marijuana

James Dobson / Garden City Telegram/File photo

Shona Banda, a Garden City, Kansas, mother who drew national attention after losing custody of her son over her use of cannabis, has pleaded no contest to felony charges in exchange for probation.

Banda, who has Crohn’s disease, has been a vocal advocate of medical marijuana and self-published a book about her use of cannabis oil to treat her condition, an inflammatory bowel disease that can cause severe abdominal pain and other symptoms.

(vhmh) / flickr Creative Commons

This story was updated at 2:45 p.m. to include the comments of the plaintiffs' attorney.

A Leawood, Kansas, couple whose home was raided by a police tactical team in a bungled SWAT-like search for marijuana will get their day in court after all.

The couple, both retired CIA agents, sued the Johnson County Board of Commissioners, Johnson County Sheriff Frank Denning and seven sheriff’s deputies over the botched 2012 raid, but a federal judge threw out the case in December 2015.

Lancerenok / flickr Creative Commons

Wichita City Council members gave first approval to an ordinance lowering the maximum penalty for marijuana possession. The change would bring the city into compliance with a 2016 state law.

Under the amended ordinance, the penalty for first-time marijuana possession is lowered from a Class A to a Class B misdemeanor. A conviction could carry a fine of $1,000 and six months in jail, down from $2500 and a year in jail. A lab fee could also be assessed.

Lancerenok / flickr Creative Commons

Kansas lawmakers are considering legalizing medical marijuana for certain medical conditions.

The Senate Federal and State Affairs Committee heard the bill Monday. If it passes, Kansas would join 28 other states that have some type of medical marijuana program.

Supporters say medical marijuana could help patients who have exhausted available medicine options.

Melissa Ragsdale, whose 7-year-old son suffers from seizures, told the committee industrial hemp cannabidiol helped her son but it only stops certain seizures and that broader access could help.

James Dobson / Garden City Telegram

A federal judge has thrown out a lawsuit brought by a Garden City, Kansas, mother who lost custody of her son over her use of cannabis oil in an incident that drew national attention.

In a brief four-page order Tuesday, U.S. District Judge J. Thomas Marten dismissed the action, finding that Shona Banda had failed to respond to the defendants’ “prima facie valid arguments.”

Rusty Blazenhoff / flickr Creative Commons

The Kansas Attorney General says marijuana from Colorado is "permeating" every part of Kansas.

Derek Schmidt says Colorado's decision to legalize marijuana has led to high-grade marijuana from that state largely replacing lower grade marijuana from Mexico and home-grown marijuana in Kansas.

James Dobson / Garden City Telegram/File photo

The Garden City, Kansas, mother who lost custody of her 11-year-old son over her use of cannabis oil says she’s looking to vindicate her and other people’s rights.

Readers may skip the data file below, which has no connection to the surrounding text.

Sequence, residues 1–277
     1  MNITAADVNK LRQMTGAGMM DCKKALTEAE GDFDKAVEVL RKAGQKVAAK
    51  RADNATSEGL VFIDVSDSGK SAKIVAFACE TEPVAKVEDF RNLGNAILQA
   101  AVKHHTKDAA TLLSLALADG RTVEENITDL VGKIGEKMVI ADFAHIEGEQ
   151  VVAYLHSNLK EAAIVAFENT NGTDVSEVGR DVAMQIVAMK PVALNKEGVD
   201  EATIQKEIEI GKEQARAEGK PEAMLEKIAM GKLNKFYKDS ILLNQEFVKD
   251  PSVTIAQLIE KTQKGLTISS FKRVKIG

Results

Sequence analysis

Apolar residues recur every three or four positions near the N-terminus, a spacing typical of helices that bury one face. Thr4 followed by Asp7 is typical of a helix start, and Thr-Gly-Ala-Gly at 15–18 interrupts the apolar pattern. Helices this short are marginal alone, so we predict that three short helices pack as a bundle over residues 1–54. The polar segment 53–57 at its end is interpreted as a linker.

Shona Banda sued state officials late last week, asking the court to restore custody of her son, declare she has a “fundamental right” to use cannabis oil to treat her Crohn’s disease, and award her damages.

“I want to hold these people accountable so this doesn’t happen to people any longer," Banda said, speaking from her Garden City home.

Wikipedia

The Kansas legislature’s turnaround deadline was last week. That means many bills are likely dead for the session, including one to legalize marijuana oil for treating seizures.

The oil in question doesn’t have enough THC to get people high, but the politics of marijuana make the bill a tough sell in an election year.

Law enforcement and some medical groups think the bill goes too far. Medical marijuana advocates don’t think it goes far enough.

That leaves a couple of Kansas moms whose kids have persistent seizure disorders caught in the middle.

Kathleen Ann, flickr Creative Commons

The Kansas Senate has overwhelmingly approved a bill that would lessen penalties for first and second-time marijuana possession.

The vote Wednesday was 38-1.

The measure would reduce the punishment for first-time misdemeanor possession to six months in jail and a $1,000 fine, rather than the current year in jail and $2,500 fine. A second possession conviction would no longer be a felony, so an offender wouldn't be sent to prison.

The measure goes next to the House, which passed a similar proposal last year.

Wikipedia

A Kansas Senate committee has approved a bill that would lessen penalties for marijuana possession, sending it to the full Senate for consideration. While working on the bill, the committee removed a section that would have allowed the medical use of hemp oil.

Some lawmakers raised concerns because hemp oil hasn’t been evaluated by the FDA. Republican Senator Molly Baumgardner says even if it’s legal, a hospital told her they won’t use it.

“Their physicians will not prescribe because it has not gone through the rigorous scientific clinical trials,” Baumgardner says.

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